There have been big falls in finer wool types off the back of a weakening economic backdrop.
And for the ninth consecutive week, the benchmark Eastern Market Indicator (EMI) has failed to lift, last week losing 13 cents per kilogram to land at 1306c/kg, clean.
This is the lowest level the EMI has been in 16 months.
According to industry analysts, poor economic signals coming from China and continued high inflation rates around the globe are weighing down fine wool demand, especially for the 'lower' quality end of the finer offerings.
The latest commodity overview from Rural Bank revealed during August 17-micron wool was down 171c/kg when compared to the closing price before the winter sale break.
In the last two weeks in the north, 17.5-micron and finer fell between 60 and 135c and in the south in the past three weeks, 17-micron wools have fallen 272c or 10.3 per cent.
Independent Commodity Services analyst Andrew Woods said feedback was the fine Merino market was currently made of three sections.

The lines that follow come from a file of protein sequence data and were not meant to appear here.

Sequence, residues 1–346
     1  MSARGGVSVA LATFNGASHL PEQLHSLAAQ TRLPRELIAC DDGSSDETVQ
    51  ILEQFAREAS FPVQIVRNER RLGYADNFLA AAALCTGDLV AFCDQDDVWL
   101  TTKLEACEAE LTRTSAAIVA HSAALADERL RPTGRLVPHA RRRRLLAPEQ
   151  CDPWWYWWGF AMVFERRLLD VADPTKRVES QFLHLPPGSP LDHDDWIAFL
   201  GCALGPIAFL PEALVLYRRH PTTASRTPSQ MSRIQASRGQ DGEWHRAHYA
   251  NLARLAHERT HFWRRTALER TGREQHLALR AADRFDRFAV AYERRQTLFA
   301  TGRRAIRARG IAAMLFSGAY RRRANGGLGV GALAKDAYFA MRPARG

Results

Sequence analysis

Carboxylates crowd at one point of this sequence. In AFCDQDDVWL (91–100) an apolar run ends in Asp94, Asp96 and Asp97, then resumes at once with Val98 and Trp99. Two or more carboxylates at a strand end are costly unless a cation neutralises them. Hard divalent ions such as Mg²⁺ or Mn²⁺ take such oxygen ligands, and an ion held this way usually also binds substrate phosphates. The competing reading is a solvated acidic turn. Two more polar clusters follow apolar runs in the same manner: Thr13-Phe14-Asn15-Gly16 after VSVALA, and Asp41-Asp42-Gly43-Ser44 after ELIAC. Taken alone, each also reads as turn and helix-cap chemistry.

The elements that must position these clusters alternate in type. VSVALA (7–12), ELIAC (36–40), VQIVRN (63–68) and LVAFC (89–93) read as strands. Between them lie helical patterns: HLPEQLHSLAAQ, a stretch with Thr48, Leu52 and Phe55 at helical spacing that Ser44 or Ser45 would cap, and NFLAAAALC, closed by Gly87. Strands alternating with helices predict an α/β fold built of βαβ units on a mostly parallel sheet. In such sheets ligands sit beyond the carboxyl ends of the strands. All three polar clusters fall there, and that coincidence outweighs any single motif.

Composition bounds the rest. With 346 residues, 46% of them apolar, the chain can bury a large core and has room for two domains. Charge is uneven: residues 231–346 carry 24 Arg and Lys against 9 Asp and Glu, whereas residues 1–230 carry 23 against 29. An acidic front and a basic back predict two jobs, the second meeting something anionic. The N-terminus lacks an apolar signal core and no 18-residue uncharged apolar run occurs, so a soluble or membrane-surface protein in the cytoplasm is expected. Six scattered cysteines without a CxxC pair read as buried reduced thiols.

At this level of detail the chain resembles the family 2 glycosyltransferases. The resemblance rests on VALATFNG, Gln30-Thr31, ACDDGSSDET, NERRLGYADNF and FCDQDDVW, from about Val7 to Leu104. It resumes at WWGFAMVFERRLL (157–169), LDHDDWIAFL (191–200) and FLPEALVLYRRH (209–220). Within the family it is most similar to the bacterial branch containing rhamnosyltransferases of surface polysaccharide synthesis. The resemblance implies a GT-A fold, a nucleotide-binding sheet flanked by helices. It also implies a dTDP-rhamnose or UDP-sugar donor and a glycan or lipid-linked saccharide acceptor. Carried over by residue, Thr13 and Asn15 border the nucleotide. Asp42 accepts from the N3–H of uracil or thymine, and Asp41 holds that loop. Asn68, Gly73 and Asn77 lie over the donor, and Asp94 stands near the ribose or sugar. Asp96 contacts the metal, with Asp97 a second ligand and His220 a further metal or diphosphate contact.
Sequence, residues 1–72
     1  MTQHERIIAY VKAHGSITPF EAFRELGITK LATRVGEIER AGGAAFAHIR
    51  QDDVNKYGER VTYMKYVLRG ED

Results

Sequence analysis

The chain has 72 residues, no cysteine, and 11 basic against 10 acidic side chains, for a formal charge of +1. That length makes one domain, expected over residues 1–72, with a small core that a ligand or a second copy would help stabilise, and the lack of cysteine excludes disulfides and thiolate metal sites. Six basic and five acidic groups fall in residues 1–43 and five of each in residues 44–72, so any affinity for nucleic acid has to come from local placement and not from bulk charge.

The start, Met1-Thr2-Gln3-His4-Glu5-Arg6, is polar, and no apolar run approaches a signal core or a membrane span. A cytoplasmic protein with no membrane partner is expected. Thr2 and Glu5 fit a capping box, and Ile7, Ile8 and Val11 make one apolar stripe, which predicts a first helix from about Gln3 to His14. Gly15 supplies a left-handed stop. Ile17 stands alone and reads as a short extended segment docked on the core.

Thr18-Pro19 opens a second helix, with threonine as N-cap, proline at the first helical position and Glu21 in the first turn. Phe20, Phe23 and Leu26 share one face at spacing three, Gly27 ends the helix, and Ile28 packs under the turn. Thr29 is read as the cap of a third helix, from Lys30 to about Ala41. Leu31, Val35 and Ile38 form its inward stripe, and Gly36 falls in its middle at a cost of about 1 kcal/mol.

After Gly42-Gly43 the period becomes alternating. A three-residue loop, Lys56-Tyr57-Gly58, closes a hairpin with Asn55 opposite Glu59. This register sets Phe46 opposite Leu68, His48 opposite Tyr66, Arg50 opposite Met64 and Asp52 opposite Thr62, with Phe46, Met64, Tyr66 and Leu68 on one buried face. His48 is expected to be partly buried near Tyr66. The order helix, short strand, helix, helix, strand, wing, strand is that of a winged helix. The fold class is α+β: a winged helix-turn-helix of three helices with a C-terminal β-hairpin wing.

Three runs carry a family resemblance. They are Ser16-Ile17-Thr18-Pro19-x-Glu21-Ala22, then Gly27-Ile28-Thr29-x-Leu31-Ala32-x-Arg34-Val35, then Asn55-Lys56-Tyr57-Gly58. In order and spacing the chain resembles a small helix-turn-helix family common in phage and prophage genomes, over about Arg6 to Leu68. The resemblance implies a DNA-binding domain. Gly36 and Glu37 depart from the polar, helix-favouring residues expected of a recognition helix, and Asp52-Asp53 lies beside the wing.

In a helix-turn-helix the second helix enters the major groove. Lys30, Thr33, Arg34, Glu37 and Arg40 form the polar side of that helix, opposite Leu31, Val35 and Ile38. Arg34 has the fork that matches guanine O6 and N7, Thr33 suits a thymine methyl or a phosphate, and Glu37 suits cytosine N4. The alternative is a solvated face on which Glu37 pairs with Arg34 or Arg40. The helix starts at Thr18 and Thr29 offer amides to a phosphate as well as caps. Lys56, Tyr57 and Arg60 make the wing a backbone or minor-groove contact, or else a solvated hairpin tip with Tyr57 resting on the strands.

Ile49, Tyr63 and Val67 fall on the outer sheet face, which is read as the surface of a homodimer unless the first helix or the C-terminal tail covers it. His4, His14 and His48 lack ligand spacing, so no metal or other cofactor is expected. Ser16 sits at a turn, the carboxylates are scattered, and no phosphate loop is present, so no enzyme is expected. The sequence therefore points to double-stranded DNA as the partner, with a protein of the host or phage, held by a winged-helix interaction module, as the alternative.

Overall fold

"There are the very best lots, the China type lots that are typically long, with a staple strength around 30 N/ktx, and the 'in-betweens', which have some sort of issue be it colour, cott, or high CVH for example," Mr Woods said.
"Prices for the best lots and China types were reported as stable last week while prices for the 'in-betweens' was highly variable."
He said this type of situation is expected to continue.
Yet with the finer microns taking the brunt of the downward pressures of global markets, the medium wool indicators have remained relatively stable to firm.
Movements of medium and broader types between 19 to 22-microns have only ranged from plus 11c to minus 15c across the three selling centres during the last two weeks.
Lower AWTA volumes for 21-micron wool during the past three-months has also helped in a market where there is a lot of interest from Chinese mills in the 19.5 to 21-micron categories.
Crossbred wool has continued its long-term decline finishing at 380c/kg - the lowest 28-micron price in over 20 years placing more pressure on shearing costs for growers.